Actions for an Accounting in New York Real Estate

There are several situations where ownership of real estate in New York generates the need for an accounting procedure. When a new owner takes over a property as a result of a lawsuit or successful foreclosure action, the property in question may have been managed by third parties, such as a managing agent, over a period of time after a new owner has legal title to the property, but before the new owner can hire a new managing agent and transition from prior ownership to new ownership.

Other similar situations occur when there are multiple owners of a property, but where not all owners take an active role in the property management. There may come a time where the “inactive” owners feel that they are not receiving their fair share of the property’s profits, or simply want an accurate accounting of the income and expenses from the property in question.

Finally, there may be a situation where a managing agent is hired by an owner to run the property, and the owner feels that the managing agent is not accurately reporting the property’s profits or turning over the profits as is their legal obligation.

When these situations occur, the legal remedy is generally an action for an accounting. An action for an accounting is a formal legal request that the entity in control of the property’s books and records account for the income and expenses of the property in Court.

The first step in an accounting action is a formal demand that the books and records be produced, and that an accounting of income and expenses be given. This request should be in writing, and sent by the attorney for the party seeking the accounting. The written demand should include a date by which the accounting should be produced, as well as a location for the accounting, which can be the local courthouse, or the offices of the attorney for the property owner. If the party from whom the accounting is sought refuses to comply with the demand for an accounting by the deadline set, then legal action should be promptly brought.

A formal legal complaint for an accounting must allege that the party who is in control of the books and records of the property refuses to produce same for an accounting, after being formally noticed to do same. It should also allege that the party demanding the accounting has a legal right to same, due to their ownership of the property or their legal relationship to the party managing the property. Another allegation that may be made, depending on the circumstances, is that the party managing the property may not have properly turned over all profits to the property owner. Of course, due to the necessity of an accounting, there can be no allegation of specific amounts, merely that the property manager may, after an accounting is held, be compelled to turn over such amounts to which the property owner is entitled.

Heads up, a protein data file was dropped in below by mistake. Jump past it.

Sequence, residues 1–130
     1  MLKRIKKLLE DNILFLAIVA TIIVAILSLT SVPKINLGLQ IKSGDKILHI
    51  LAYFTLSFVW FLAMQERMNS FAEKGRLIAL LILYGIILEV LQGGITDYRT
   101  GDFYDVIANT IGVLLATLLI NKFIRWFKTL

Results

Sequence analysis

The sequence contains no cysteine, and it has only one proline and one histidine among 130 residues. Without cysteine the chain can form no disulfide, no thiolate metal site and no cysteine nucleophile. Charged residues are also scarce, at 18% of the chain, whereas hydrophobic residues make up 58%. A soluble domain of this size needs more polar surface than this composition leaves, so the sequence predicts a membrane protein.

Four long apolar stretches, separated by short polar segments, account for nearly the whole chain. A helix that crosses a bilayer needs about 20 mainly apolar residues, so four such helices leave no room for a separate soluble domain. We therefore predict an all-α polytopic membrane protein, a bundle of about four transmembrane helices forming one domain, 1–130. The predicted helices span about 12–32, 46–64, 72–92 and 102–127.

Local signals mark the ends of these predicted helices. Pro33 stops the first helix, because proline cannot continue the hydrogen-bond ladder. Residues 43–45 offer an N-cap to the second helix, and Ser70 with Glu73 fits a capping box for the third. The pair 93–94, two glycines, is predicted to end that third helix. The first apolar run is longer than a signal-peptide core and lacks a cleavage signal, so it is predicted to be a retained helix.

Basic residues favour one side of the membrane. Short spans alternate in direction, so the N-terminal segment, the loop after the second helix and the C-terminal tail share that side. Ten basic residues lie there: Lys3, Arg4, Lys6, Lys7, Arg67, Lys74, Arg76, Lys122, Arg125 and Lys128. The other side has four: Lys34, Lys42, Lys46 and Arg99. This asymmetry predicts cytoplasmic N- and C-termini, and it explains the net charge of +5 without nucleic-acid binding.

After the action is filed, the Court may order that an accounting be held if the allegations in the complaint are not disputed, or, after motion, the plaintiff establishes their legal right to an accounting. In such circumstances, the Court may appoint a referee to formally demand the books and records and commence the accounting. The referee is then legally obligated to compel production of all books and records, and may threaten any non-complying party with a contempt of court citation. After the referee has had an opportunity to examine all financial documents, as well as taking, if necessary, a sworn deposition under oath of all parties, they must produce a report to the Court recommending action. This report would state the conclusions of the accounting, including all income and expenses, and would also state whether the property manager owes the property owner any funds which they had previously failed to turn over to the owner. After formal submission to the Court, the Court will then issue a judgment based on the recommendations of the Referee.

In summation, in any circumstance in which a property owner feels that a property manager is not properly fulfilling their duties, and refuses to account for the property’s profits, an accounting proceeding is the recommended course of action.

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